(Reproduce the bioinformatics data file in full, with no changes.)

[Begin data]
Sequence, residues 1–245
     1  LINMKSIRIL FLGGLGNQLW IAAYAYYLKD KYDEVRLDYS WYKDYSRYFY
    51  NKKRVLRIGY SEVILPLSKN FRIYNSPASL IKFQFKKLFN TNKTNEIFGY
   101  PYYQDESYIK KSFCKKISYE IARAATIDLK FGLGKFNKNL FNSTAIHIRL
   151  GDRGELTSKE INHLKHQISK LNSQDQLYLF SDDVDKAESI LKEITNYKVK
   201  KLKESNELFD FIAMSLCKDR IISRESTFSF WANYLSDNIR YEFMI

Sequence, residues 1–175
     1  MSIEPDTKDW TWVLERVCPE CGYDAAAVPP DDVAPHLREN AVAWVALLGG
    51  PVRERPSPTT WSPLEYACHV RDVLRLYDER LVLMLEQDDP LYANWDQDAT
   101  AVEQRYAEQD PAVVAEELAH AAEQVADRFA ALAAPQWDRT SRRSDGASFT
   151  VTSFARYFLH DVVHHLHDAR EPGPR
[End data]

Sequence, residues 1–245
     1  LINMKSIRIL FLGGLGNQLW IAAYAYYLKD KYDEVRLDYS WYKDYSRYFY
    51  NKKRVLRIGY SEVILPLSKN FRIYNSPASL IKFQFKKLFN TNKTNEIFGY
   101  PYYQDESYIK KSFCKKISYE IARAATIDLK FGLGKFNKNL FNSTAIHIRL
   151  GDRGELTSKE INHLKHQISK LNSQDQLYLF SDDVDKAESI LKEITNYKVK
   201  KLKESNELFD FIAMSLCKDR IISRESTFSF WANYLSDNIR YEFMI

Sequence, residues 1–175
     1  MSIEPDTKDW TWVLERVCPE CGYDAAAVPP DDVAPHLREN AVAWVALLGG
    51  PVRERPSPTT WSPLEYACHV RDVLRLYDER LVLMLEQDDP LYANWDQDAT
   101  AVEQRYAEQD PAVVAEELAH AAEQVADRFA ALAAPQWDRT SRRSDGASFT
   151  VTSFARYFLH DVVHHLHDAR EPGPR